# Fit parameter not changed

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Niles Martinsen on 29 Jul 2012
Hi
I am trying to fit a function to some data points. My code is the following:
clc
clear all
close all
format longE
M=1600;
N=3000;
v(M:N, 2) = v(M:N, 2)*4.5e6;
model = @(a, t)(...
((-a(1)+sqrt(a(1)*a(1)+4*a(2)*a(3)))/(2*a(2)))*...
(1-exp(-(a(1)+2*a(2)*((-a(1)+sqrt(a(1)*a(1)+4*a(2)*a(3)))/(2*a(2))))*(t-a(4))))./...
(1 + ((a(2)*((-a(1)+sqrt(a(1)*a(1)+4*a(2)*a(3)))/(2*a(2))))/...
(a(2)*((-a(1)+sqrt(a(1)*a(1)+4*a(2)*a(3)))/(2*a(2)))+a(1)))*...
exp(-(a(1)+2*a(2)*((-a(1)+sqrt(a(1)*a(1)+4*a(2)*a(3)))/(2*a(2))))*(t-a(4)))));
figure(2)
temp = [100 1e-12 1e9 -0.012];
t=(-0.05:0.01:1)';
plot(t, model(temp, t), 'r', v(M:N,1), v(M:N,2), 'b')
xlim([-0.1 1])
ylim([0 2e7])
b1=temp;
figure(2)
x=-0.00:0.0001:0.3;
plot(x, model(b1, x), 'b--', v(M:N, 1), v(M:N, 2), '--')
ylim([-1 5])
b = lsqcurvefit(model, b1, v(M:N, 1),v(M:N, 2), [], []);
figure(3)
plot(x, model(b, x), '--',v(M:N, 1), v(M:N, 2), '--')
My data is here: http://uploading.com/files/get/449141c1/01.txt. First of all, the first degree of freedom a(1) must be positive (it is a lifetime). My problem is that the third degree of freedom is not varied much by the fitting routine, and I am worried about that as my guess is not optimal.
Am I using the routine as it is supposed to be used?
Best, Niles.
Star Strider on 29 Jul 2012
Edited: Star Strider on 29 Jul 2012
I wish TMW had a way to do this, at least temporarily.
If you have a small data set or can post representative (perhaps decimated) data here, that would be preferable. There is no formal protocol for that, so I suggest you used ‘Edit’ to add it at the end of your original post, label it as DATA, label the columns, and format it as ‘Code’.
How well do your data match the fit your function estimates? Do the fitted parameters themselves make sense? If a(1) must be positive, you can constrain it with lsqcurvefit, setting its limit to ‘eps’ or whatever value makes sense. If you don't want to constrain the others, you can set their lower limits at -Inf in your ‘lb’ vector.
The third parameter may not move because you made a good initial guess for it, or it may not be important to the model. If you want more information on the parameters, ask for more output arguments from lsqcurvefit, then use the ‘nlparci’ function. If the 95% confidence limits for the third parameter include zero, then it may not be necessary in the model.
Niles Martinsen on 29 Jul 2012
Hi
I am sorry about that, I thought a user was able to download it without any fuss. The data is too large to post it here, so I tried another upload-service: http://peecee.dk/upload/view/377162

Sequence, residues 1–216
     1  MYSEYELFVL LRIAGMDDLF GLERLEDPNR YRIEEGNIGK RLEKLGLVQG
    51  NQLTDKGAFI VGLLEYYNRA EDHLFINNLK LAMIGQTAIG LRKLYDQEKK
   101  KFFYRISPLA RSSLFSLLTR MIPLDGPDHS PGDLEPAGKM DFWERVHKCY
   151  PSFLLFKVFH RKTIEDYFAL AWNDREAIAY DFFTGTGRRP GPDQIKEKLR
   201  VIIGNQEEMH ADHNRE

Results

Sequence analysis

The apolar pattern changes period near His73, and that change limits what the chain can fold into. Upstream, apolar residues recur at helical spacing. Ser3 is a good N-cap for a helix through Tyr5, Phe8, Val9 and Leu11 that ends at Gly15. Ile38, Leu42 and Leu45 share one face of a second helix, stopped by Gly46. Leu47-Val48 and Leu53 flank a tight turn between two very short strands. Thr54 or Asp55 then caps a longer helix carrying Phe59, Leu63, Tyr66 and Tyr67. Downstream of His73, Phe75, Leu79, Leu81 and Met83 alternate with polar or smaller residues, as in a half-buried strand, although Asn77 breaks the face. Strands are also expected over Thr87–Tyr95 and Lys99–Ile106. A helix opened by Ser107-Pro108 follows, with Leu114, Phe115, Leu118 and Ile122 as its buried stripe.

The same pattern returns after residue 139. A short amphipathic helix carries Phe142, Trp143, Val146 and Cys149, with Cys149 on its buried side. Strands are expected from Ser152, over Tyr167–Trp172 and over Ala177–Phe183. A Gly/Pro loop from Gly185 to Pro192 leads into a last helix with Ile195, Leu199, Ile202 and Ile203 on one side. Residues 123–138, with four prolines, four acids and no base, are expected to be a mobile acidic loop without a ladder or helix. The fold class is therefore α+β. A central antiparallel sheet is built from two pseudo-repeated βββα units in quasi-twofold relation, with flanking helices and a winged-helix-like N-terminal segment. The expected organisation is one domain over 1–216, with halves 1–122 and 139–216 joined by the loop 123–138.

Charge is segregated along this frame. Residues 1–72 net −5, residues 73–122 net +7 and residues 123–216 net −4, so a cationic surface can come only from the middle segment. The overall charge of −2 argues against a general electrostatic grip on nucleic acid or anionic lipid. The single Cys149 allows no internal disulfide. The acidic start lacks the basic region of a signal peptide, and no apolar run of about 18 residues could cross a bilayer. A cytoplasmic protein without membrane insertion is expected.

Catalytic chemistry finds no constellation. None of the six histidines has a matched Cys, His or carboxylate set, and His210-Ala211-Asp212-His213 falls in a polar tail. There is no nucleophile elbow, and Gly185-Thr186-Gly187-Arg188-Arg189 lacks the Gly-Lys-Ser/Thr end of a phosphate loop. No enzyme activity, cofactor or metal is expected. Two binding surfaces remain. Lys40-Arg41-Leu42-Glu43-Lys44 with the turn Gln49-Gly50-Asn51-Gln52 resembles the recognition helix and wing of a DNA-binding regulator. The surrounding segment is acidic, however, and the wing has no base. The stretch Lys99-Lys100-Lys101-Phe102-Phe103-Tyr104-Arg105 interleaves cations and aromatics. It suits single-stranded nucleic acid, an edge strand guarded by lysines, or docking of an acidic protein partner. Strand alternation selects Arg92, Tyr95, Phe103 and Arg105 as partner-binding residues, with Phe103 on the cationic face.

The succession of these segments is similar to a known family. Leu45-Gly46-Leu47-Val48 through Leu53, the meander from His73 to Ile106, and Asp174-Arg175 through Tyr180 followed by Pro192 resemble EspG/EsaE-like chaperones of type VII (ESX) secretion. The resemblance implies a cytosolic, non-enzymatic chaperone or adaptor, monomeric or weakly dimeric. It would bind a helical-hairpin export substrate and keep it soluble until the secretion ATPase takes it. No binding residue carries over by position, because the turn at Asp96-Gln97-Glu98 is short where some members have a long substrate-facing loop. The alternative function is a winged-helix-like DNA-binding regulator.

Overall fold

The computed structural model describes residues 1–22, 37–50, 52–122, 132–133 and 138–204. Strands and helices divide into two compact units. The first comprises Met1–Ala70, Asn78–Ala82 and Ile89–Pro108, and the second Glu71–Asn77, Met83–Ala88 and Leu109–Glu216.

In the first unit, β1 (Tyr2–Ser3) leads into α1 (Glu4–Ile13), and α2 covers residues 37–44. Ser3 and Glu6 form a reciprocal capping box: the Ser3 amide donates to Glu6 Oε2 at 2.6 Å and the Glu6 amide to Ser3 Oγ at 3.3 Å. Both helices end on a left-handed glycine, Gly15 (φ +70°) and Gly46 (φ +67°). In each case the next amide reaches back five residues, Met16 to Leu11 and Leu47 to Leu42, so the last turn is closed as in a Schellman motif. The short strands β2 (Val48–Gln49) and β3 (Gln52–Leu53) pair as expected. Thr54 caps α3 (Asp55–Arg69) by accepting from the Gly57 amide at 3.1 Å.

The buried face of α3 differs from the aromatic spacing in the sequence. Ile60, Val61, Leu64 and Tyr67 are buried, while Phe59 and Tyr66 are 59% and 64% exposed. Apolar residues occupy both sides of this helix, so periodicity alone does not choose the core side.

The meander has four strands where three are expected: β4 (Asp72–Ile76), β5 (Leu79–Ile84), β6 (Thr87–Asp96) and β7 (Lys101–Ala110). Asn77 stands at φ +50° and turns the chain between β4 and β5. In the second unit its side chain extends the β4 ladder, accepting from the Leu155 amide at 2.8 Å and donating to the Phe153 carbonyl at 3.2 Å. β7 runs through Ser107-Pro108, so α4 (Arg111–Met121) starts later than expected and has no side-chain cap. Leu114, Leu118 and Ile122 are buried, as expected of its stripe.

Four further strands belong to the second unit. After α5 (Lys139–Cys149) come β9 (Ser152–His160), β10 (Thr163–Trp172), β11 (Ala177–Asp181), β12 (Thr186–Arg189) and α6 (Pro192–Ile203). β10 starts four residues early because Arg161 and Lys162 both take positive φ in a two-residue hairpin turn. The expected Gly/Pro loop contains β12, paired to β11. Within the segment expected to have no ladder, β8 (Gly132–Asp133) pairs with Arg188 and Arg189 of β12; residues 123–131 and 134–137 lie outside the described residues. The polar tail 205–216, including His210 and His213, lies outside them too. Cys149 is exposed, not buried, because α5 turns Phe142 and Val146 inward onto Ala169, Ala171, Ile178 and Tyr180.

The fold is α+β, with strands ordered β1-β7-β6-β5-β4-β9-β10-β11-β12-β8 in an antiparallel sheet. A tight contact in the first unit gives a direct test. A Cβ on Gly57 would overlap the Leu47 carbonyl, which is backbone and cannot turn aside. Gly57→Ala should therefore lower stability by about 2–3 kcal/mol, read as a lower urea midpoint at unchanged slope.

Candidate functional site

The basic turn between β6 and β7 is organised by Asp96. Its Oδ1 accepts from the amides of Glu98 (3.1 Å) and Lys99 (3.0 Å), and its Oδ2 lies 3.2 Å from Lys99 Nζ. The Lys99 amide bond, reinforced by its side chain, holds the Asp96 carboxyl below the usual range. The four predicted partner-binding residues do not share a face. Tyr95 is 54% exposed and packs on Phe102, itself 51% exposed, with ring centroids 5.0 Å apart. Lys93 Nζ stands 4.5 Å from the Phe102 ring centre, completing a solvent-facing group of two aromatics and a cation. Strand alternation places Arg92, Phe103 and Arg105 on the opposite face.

This should work. If not, please let me know and I'll paste a representative sample of the data points manually. Sorry about the other service.
In my above script I plot obtained function alongside the data, and there is visually a good match. The parameters also make good sense. But the thing is that regardless of what initial value I choose for a(3), it stays the same. That is why I suspect something is wrong.

Star Strider on 29 Jul 2012
This time the ‘01.txt’ downloaded. You seem to be doing everything correctly, at least in a MATLAB sense.
I was able to run your code with your data. The reason a(3) doesn't change much is that it is likely not uniquely defined in the region of fit, but given other starting values (for example 1E+11) it will converge in the region of 1E+9. Using this change in your code:
[b,resnorm,residual,exitflag,output,lambda,J] = lsqcurvefit(model, b1, v(M:N, 1),v(M:N, 2), [], []);
ci = nlparci(b,residual,'jacobian',J)
The 95% confidence intervals only exist for a(4) and do not include zero. They are NaN for all the others. So your system may be over-determined in that you may need fewer than four parameters to fit it.
I got a good fit with these starting parameters:
100 1e-12 2.5E+9 -0.012
estimating these resulting parameters:
410.0000e+000 -16.0906e-006 2.5000e+009 -12.4858e-003
and this starting set:
100 1e-12 0.9E+9 -0.012
resulted in these estimates:
22.4418e+000 6.6366e-006 900.0000e+006 -14.2420e-003
with the same visual accuracy.
The function fit is sensitive to a(3), it is just that a guess on the order of 10^9 for it is close enough to the best fit for it that it doesn't have to change much. (Vary it to experiment with it.) I suspect you will get a range of parameter values that will fit your function, as I did.
Niles Martinsen on 30 Jul 2012
Hi Star Strider
Thanks for that, I see what you mean. Maybe it gets easier if I can constaint some of the parameters during the fit. Do you know how I can do that?
Best, Niles.
Star Strider on 30 Jul 2012
The lsqcurvefit function will allow you to set and lower and bounds on the parameters. The documentation for it refers to them as ‘lb’ and ‘ub’ respectively. Those are the two sets of empty brackets in the code you quoted above:
b = lsqcurvefit(model, b1, v(M:N, 1),v(M:N, 2), [], []);
All you have to do now is to put appropriate values for your parameter limits in them (in the same order and row vector or column vector orientation as your parameter vector). You can of course set these as variables and refer to them as such in the call to lsqnonlin.